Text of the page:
Redux: Elaborating on Four Factors Driving Technology Adoption in SE Asia Reply


My previous and admittedly very brief post on four factors driving social media adoption in SE Asia seemed to evoke a minor response which was enough to please almost any academic (the actual number of people who read academic works is….well….small).  Friend and colleague Jon Russell in Thailand wrote this nice follow post expressing the view that mobile is the most important of the four factors.  Another good friend John Kerr was kind enough to share his disagreements as well. 

It seems the least I can do is take a moment this Saturday morning to expand on the short post.

Technology Adoption

My first assumption is around technology adoption and the many emerging markets in SE Asia.  Countless reports of Facebook's growth in Indonesia and Thailand, just as a lone example, were running through my mind as I searched for patterns.   Looking at the s-curve portrayed above, I was looking primarily at adoption triggers on the far left.

Four Factors

I would agree strongly with Jon Russell that mobile is the most important driver.  We are seeing different development patterns in emerging markets where the traditional home broadband which thrives in mature markets like Singapore and South Korea is being skipped in favor of direct-to-mobile Internet access.  So rather than simply using a set of bullet points with no particular order, let me organize the factors a bit more clearly.

  1. Mobile (continuous trigger).  For everything you need to know regarding mobile adoption, please read Jon's post.  He says it better than I can.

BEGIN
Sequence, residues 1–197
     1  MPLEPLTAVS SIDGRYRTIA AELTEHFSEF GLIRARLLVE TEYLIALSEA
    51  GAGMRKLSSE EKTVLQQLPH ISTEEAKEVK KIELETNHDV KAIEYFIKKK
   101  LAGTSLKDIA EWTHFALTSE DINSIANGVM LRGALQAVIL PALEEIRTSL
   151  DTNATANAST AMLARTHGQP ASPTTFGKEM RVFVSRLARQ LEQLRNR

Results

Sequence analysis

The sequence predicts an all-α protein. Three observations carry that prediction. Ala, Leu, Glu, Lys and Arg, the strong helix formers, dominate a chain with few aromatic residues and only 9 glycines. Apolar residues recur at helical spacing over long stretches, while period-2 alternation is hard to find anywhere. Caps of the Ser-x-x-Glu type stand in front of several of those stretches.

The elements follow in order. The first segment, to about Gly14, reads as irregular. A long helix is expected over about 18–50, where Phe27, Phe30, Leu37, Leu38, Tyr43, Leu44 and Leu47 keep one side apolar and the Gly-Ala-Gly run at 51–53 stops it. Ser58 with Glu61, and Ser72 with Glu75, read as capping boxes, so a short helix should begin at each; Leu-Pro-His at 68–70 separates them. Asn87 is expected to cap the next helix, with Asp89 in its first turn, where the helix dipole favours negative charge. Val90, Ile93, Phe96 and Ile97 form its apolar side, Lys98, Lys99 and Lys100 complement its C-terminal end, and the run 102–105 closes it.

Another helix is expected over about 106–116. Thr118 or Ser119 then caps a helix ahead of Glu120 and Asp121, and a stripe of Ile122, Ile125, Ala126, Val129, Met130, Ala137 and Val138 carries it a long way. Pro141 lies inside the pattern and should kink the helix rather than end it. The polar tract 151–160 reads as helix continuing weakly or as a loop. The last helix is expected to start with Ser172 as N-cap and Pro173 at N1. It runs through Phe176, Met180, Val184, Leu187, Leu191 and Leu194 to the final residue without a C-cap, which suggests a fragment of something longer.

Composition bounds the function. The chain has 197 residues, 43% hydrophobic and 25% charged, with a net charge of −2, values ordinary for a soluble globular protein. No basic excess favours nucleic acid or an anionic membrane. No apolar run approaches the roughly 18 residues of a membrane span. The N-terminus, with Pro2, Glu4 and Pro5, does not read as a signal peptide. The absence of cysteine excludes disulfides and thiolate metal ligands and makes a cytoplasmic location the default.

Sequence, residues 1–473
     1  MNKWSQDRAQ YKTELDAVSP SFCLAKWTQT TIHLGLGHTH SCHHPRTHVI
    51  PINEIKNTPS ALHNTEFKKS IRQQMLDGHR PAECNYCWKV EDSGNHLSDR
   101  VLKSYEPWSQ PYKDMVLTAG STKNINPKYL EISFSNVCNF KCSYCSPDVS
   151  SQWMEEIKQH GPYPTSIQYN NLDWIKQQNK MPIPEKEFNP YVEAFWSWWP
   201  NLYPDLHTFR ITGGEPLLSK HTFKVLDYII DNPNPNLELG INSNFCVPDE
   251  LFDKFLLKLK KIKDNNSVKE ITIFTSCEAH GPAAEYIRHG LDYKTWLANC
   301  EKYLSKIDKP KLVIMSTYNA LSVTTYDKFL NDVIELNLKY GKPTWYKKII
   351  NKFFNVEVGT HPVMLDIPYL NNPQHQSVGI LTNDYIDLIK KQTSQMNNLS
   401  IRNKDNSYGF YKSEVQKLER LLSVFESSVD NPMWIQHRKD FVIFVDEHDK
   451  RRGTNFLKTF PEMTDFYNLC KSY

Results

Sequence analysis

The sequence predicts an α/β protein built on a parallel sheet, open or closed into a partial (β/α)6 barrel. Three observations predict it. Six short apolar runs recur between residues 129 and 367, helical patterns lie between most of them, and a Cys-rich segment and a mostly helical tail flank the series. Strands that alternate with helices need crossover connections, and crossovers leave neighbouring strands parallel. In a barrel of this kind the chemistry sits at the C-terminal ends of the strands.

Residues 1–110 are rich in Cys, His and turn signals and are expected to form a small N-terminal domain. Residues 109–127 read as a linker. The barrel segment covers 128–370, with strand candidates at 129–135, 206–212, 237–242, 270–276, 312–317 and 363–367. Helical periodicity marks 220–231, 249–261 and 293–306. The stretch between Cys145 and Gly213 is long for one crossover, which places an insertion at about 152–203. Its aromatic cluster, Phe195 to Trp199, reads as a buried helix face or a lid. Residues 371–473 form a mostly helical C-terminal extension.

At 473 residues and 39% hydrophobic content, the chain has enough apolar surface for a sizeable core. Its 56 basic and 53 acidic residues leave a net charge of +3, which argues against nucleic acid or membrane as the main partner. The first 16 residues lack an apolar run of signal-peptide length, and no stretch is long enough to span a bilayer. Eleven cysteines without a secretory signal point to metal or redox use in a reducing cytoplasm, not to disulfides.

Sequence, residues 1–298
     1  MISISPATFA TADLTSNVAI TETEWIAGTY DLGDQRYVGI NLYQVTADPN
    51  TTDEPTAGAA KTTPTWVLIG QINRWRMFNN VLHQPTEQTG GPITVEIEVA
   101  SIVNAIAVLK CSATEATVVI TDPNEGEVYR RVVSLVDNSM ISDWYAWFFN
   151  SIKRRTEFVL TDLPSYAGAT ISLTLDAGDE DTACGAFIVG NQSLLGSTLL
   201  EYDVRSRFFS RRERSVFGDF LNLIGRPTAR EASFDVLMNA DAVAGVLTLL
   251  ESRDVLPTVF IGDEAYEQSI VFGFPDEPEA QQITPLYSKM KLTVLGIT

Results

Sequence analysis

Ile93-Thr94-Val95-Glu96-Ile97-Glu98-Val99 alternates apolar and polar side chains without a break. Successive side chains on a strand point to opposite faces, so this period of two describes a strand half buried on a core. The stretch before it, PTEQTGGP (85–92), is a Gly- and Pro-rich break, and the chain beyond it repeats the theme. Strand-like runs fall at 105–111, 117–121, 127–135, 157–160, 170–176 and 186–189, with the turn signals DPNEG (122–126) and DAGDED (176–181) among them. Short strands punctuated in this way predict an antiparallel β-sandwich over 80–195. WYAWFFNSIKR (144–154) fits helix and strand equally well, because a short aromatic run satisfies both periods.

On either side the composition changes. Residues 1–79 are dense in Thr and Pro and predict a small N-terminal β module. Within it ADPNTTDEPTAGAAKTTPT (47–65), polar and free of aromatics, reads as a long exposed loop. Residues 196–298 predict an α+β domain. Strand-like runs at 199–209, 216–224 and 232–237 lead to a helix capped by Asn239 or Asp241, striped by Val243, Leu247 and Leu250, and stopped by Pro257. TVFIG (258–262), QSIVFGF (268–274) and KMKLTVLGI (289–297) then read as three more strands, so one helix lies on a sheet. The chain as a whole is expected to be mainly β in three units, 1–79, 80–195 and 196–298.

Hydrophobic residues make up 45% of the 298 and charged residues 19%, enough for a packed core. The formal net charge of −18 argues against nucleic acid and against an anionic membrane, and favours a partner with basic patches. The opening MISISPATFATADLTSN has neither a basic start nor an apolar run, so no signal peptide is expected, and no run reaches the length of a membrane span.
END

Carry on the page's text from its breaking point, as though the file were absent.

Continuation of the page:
2. Gaming (continuous trigger).  Online gaming, perhaps because for reasons of market structure (i.e., many markets with poor IP protection), is quite popular in Asia.So as people go online to game, they invite their friends.  Extremely popular games such as Farmville and Mafia Wars have  been quite successful when it comes to driving people onto Facebook.  The importance of gaming as an adoption trigger should not be overlooked.

  3. Politics (episodic trigger).  Here is one place where admittedly my good friend John Kerr and I might disagree.  John suggested that perhaps following celebrities online is a more popular use of social media than is politics.  Point taken and I cannot argue, if we are looking further to the right on the adoption curve.  With my focus on the extreme left, I am hard pressed to see any pattern that says following celebrities is a cause for adoption.  Meanwhile, the number of people adopting digital media during Malaysia's election fiasco a few years back, during the Thai protests, or as a part of protests in Indonesia seem to be a clearer examples of a data-driven pattern illustrating adoption. The difference is that the adoption pattern is one of intense episodes that later fade rather than being more continuous or on-going in nature.

    Now if there is data I am missing, I am happy to be a humble blogger and take a close look.  I would love to identify more patterns.  But for now, without data which reasonably appears to be an adoption pattern, I am sticking with politics.

  4. Business Internationalization (corporate adoption).  Here I am drawing from the recent Burson Marsteller report in addition to the large research study I did last year for APEC on SME internationalization.  While internationalization will not drive adoption int he general population, I do think we have a very strong academic research and corporate IP data set which would substantiate this claim.  Just keep in mind that this claim is aimed specifically at corporate adoption.

Though I explicitly passed it over in the original blog post, the peer-to-peer incentive of "hey, why aren't you on [name your social media site] yet?" is of course a very strong driver as well.  This also helps explain tipping points and why people switch from one preferred site to a new one.

So there you have it.  My apologies for writing such a short and potentially cryptic post in the first place.  I am making an effort to write less like an academic, but that comes at a cost from time to time.

Of course if you think I am missing something, don't feel shy.  We can all benefit from greater insights and sharing.

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